Today’s nuclear news from Japan begins with a topic that’s smoldered since the day after the tsunami hit. The earthquake and tsunami devastation along the northeast coast of Japan’s main island (Honshu) was the lead news story around the world for 24 hours, and rightly so. But that dramatically changed on March 12, when a hydrogen explosion ripped apart the top story of reactor building #1. Suddenly, the news media’s focus shifted to Fukushima Daiichi and away from the tsunami. Anything associated with Fukushima and/or nuclear risk immediately took center stage. Nuclear accident developments and fear-of-radiation stories were immediately better for the news business than the real and present horrors of the tsunami’s aftermath. In an effort to save his rapidly-decaying political career, Prime Minister Naoto Kan followed the Press’ lead and essentially turned away from tsunami recovery efforts in order to focus on soothing irrational radiation fears. Superstition superseded the serious with respect to Tokyo, the negative impact of which is now apparent. Moldering mountains of debris still go untended spawning toxic bacteria, noxious air, water pollution, and the stench of decay…and we’re not talking about the contaminated debris inside the evacuation zones which continues to get the majority of headlines. It’s a travesty against human-kind. It’s a story that begs to be shouted to the world. But, it isn’t happening. Today’s lead story only makes matters worse…

  • Asahi Shimbun published a hindsight report on disaster coverage beginning March 11. At first, the news was glutted with terrifying images and stories of horror concerning the worst tsunami in modern Japanese history. The Asahi says after but a few days, this focus proceeded into “Information that would help victims deal with the situation without confusion, offering appropriate guidance and raising their hopes. Out of consideration to the people who read the newspapers in evacuation centers, they decided not to [further] describe the damage done by the disaster in detail.” The Asahi wonders if the reporters made they right decision when the article says, “Since that day, we have also been facing harsh criticism. Did our reports on the accident at the Fukushima No. 1 nuclear power plant accurately communicate the seriousness of the nuclear disaster? Weren’t we too busy following daily {tsunami} developments to write more about the crisis? How could we properly assess and report on the dangers of radiation? How should we write about issues that are not fully understood and problems that are not completely clear? We are still facing these tough challenges daily, and we have been forced to question our actions many times.”The Asahi didn’t focus enough on the accident at Fukushima? They didn’t concentrate enough on the theoretical risks of low level radiation? They spent too much copy space on the tsunami and not enough on the nuclear emergency? What’s going on, here?
  • The City of Fukushima has finally emerged from its state of radio-phobic paralysis and begun full-scale decontamination. Whether or not each and every one of the 110,000 buildings and every centimeter of the hundreds of kilometers of city streets and sidewalks actually needs to be cleansed, everything will be scrubbed. At least the process has begun. (JAIF)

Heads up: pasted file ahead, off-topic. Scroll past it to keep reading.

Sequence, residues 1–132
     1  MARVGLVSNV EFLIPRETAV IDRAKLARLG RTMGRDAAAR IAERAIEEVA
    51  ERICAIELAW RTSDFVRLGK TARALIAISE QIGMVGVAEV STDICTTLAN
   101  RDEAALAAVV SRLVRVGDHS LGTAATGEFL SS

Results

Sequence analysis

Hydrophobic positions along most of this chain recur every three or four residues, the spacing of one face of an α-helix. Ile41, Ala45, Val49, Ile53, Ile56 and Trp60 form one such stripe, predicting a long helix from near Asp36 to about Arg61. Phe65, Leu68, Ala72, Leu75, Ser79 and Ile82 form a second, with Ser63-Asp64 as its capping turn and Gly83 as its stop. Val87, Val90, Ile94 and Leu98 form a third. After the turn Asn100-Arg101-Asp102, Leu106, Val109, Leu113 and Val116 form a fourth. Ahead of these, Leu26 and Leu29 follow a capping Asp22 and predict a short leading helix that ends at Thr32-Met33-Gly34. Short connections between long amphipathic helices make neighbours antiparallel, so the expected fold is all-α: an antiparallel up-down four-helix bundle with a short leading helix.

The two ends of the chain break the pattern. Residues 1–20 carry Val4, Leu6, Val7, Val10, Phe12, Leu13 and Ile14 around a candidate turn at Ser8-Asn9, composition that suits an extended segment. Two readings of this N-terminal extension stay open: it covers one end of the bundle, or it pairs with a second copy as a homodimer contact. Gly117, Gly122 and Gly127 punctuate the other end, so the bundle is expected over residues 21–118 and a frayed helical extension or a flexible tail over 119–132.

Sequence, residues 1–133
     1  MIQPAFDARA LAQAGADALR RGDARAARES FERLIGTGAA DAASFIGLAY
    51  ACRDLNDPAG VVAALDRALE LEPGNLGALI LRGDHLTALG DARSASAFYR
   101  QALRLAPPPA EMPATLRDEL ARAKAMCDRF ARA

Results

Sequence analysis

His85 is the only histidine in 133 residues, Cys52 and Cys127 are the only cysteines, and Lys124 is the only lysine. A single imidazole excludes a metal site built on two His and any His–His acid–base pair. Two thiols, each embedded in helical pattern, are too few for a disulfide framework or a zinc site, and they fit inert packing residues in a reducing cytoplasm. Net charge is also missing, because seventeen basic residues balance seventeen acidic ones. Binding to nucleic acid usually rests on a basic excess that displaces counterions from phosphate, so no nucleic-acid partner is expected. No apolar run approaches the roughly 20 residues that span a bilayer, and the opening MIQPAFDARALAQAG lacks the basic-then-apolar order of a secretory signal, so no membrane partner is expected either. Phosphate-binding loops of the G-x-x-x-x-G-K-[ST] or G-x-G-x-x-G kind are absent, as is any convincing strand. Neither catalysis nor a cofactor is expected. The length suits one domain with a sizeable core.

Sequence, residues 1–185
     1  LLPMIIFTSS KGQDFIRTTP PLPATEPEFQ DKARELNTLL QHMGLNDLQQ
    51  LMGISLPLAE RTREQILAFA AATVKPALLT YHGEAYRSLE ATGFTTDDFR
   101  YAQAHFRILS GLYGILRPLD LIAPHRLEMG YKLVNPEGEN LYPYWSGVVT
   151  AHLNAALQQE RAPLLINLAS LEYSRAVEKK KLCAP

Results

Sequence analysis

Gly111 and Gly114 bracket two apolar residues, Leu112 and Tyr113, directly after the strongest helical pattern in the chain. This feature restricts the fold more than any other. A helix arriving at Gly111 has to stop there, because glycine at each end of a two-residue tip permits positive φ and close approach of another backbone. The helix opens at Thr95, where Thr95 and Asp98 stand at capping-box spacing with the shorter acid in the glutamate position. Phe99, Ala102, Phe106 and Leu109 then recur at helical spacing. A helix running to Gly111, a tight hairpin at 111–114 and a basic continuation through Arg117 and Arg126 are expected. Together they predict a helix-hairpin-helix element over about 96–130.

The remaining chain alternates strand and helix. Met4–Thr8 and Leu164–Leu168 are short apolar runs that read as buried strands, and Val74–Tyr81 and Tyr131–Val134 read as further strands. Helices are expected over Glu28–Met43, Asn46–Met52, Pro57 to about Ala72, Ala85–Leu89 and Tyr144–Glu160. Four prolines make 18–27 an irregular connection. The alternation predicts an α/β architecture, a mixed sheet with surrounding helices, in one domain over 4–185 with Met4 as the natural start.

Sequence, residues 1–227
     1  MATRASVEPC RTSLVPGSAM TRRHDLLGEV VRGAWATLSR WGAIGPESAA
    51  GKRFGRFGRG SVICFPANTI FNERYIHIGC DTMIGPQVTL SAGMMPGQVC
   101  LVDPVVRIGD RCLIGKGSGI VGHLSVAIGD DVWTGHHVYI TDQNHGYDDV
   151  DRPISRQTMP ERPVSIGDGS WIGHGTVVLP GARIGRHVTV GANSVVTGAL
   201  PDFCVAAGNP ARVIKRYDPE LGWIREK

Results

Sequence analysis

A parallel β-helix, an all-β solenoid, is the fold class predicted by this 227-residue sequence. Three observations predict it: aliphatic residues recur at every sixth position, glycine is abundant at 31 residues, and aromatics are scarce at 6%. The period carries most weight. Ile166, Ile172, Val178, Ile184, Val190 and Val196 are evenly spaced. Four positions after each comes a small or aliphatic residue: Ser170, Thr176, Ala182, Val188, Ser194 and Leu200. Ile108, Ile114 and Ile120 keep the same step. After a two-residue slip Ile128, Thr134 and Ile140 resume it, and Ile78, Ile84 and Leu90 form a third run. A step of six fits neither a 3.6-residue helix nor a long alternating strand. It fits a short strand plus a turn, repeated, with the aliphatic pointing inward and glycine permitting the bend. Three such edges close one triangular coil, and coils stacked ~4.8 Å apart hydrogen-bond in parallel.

• Yesterday, a reportedly high level of radioactivity was discovered in a drainage gutter next to a school’s pool in Tokyo’s Adachi Ward. The radiation level in near-contact with the gutter was about 4 microsieverts per hour. The gutter has no drainage outlet, so all run-off had collected and concentrated in and around the trough for many, many months. “We believe the levels detected are localized and would not affect human health, but we will look into our response as soon as possible,” said a ward official in charge of crisis management. School and city officials cordoned-off the pool while deciding what to do. The school’s principal stopped all outside activities for the students, as well. This morning, the ward reported that after removing the sludge from inside and outside the gutter, exposure levels dropped to 0.15 microsieverts. But, the school continues suspension of all physical education classes and has instructed students to stay away from the school’s yard during class breaks, because “approximately ten parents” have called. One mother said, “They say that there is no health threat, but it’s not easy to trust what they say right away. I want authorities to appropriately explain the measures they have taken.” (Mainchi Shimbun)

The above exposure levels are what the health physics community calls “contact” readings. Not actually in contact with the source, but within two inches (5 centimeters) of it. As one moves away from the source, the exposure level drops dramatically. For a highly localized source, the decrease is the inverse square of the change in distance; i.e. a localized (point) reading of 10 msv at 10cm distance drops to 0.1 msv at 100cm distance. Contact readings produce scarier numbers than distance levels and the Japanese now focus on them. For example, from today’s news reports…

  • A level of 4 microsieverts was found at 5cm from the outlet of a second Tokyo school’s drain pipe. (Japan Times)
  • A level of 2.2 microsieverts was discovered 5cm from a third school’s drainage ditch. (Kyodo News)
  • Four other drainpipe outlet “hot spots” were found to be below 1 microsievert at a 5cm distance from the ground, which is higher than the 0.25 microsievert limit being adopted by nearly all Tokyo city wards. (Japan Times)
  • One of Tokyo’s “anti pollution” groups, Katsushika Aozora no Kai, has identified 65 new hot spots across the City. Two readings were above 5 microsieverts while the rest were between 1 & 5 microsieverts. All readings were “1 to 2 centimeters above the ground”. (Mainich Shimbun)